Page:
In late 2008, financial stress became widespread and perceptions of risk hit new highs. Concerns related to contagion among countries also had an increasing effect on premiums and increased the financing cost for many economies. The response to this problem was austerity – to stress the importance of getting the fiscal situation, and thereby the levels of debt of those countries with this problem, under control.
The returns to that effort, however, remain obscure. For example, some countries with increasingly large debt-to-GDP ratios benefit from historically low risk premiums, while several countries that applied radical measures to reduce their public debt still have to finance their debt at very high interest rates. France, for example, has a public-debt-to-GDP ratio that is expected to reach 91.8% in 2014. In July 2014, the country raised nearly €3.4 billion in ten-year bonds at the historically low rate of 1.77%.
Structural reform lowers country risk
Real gross domestic product increased at a seasonally adjusted annual rate of 4.2% in the second quarter, the BEA published this morning. This was the second estimate for Q2, the initial estimate had been a growth rate of 4.0%.
In Q1, GDP decreased at a rate of 2.1%.
GDP measures the new products or services provided in a specific window of time (e.g. the 3rd quarter of 2014, or all of 2013). If all the effort in producing a new product comes in development, but it is then copied for free, this means that there is a one-time contribution to GDP in the year it was developed, and then nothing afterwards.
Things like refrigerators, Diet Coke, and cars contribute to GDP every period because we have to make new versions of them over and over again. But in one sense that is a bug, not a feature. Imagine if, having invented Diet Coke, you could make copies for free. That would lower GDP, as Coca-Cola would drop to essentially zero revenue from here forward. But it’s demonstrably better, right? Free Diet Coke? Where do I put in the IV line?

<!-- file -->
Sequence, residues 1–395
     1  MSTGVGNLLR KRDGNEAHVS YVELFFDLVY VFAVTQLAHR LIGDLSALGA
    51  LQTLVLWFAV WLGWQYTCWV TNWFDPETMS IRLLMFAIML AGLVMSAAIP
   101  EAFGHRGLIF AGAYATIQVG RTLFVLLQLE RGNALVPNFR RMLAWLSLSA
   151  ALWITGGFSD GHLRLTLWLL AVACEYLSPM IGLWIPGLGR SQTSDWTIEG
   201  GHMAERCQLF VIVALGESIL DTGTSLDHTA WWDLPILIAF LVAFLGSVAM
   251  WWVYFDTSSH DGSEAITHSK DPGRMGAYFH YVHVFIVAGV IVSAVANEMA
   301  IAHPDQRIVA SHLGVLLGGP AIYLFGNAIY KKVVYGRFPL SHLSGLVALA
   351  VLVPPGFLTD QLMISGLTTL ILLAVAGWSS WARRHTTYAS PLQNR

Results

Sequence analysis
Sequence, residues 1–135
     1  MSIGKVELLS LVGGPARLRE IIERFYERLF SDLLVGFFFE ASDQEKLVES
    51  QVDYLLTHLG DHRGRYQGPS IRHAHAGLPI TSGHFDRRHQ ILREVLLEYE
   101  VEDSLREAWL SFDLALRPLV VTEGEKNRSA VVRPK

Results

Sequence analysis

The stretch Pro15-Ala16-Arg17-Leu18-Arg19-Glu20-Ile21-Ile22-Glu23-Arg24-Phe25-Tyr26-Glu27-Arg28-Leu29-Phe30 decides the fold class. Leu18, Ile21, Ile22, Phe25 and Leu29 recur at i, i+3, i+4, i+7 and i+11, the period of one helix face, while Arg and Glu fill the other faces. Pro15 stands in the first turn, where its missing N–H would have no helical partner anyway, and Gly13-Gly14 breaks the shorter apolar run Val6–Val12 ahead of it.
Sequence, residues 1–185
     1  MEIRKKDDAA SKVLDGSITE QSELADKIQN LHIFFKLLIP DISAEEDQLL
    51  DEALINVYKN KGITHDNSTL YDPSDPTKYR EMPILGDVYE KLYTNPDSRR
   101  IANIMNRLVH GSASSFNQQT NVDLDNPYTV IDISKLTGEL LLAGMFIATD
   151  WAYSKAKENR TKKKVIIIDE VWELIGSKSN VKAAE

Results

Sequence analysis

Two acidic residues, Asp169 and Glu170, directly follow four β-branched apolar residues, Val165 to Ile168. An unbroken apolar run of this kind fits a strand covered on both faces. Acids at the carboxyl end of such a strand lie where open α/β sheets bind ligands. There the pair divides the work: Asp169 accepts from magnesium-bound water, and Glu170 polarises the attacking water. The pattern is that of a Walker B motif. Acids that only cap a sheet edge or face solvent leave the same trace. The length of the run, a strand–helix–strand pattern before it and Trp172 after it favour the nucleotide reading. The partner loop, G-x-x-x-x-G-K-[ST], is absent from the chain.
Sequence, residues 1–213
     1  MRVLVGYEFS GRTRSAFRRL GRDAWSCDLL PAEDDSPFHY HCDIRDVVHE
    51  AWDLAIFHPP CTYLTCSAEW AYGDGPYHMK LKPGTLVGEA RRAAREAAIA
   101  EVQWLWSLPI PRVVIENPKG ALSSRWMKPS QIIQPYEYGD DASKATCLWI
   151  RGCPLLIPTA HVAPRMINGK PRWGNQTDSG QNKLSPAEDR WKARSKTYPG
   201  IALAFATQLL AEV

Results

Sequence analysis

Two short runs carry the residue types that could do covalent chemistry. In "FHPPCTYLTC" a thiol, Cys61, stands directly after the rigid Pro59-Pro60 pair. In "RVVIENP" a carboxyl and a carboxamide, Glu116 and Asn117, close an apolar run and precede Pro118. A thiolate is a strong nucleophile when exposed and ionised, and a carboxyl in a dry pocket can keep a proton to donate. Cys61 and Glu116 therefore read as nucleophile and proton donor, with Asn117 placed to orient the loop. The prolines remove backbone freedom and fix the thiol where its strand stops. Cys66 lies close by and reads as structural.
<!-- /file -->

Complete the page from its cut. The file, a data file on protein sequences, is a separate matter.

Dietz Vollrath, Associate Professor of Economics at the University of Houston
The federal government ran a budget deficit of $94.6 billion during the month of July. This compares with a $97.6 billion deficit in July of 2013.
Receipts for the month totaled $210.6 billion, up from $200.0 billion a year earlier. Total outlays were $305.2 billion from $297.6 billion a year earlier.
The rolling 12-month U.S. government budget deficit through July was $534.3 billion, an improvement from $537.3 billion in June. The rolling 12-month budget balance as a percentage of gross domestic product is -3.09%.
With a nominal gross domestic product of nearly $17 trillion, the U.S. is easily the world’s largest economy. Naturally, a small change in U.S. GDP can have a lasting impact on the economies of less developed countries.
An analysis conducted by Credit Suisse shows the degree to which an increase in U.S. GDP causes GDP shifts in select emerging nations. For instance, a 1% increase in U.S. GDP leads to around a 1% increase in Russia’s GDP after one quarter and around a 3% increase after four quarters.
This suggests that Brazil, Mexico, Czech Republic, Hungary, and Turkey are all heavily reliant on a stable U.S. economy. Nations like China, India, Poland, and Indonesia, while still quite benefited by a healthy U.S., are less dependent.
Some interesting visualizations have been published by Standard Chartered in the new report Local Markets Compendium.
This large tree map shows the size of total government debt outstanding across 161 countries worldwide. Each rectangle shows the size of each bond market, and the color of each square shows the debt-to-GDP ratio for that country.
In 2002, the world government bond market was $22.98 trillion in size. As of the end of 2012, it had reached $57.90 trillion.
This map shows what portion of each government’s debt is held by foreign investors.
And this map shows government debt as a percentage of GDP.
Public sector debt in Japan has reached unmanageable levels, as shown in the below chart from SocGen. Japan’s maturing debt and budget deficit combine for 58.4% of GDP in 2013, a figure that is a multiple of other developed nations.
Japan has received a great deal of both criticism and praise for its monetary policy choices, but given the situation it has gotten itself into, what choice does it have but to amp up the printing press?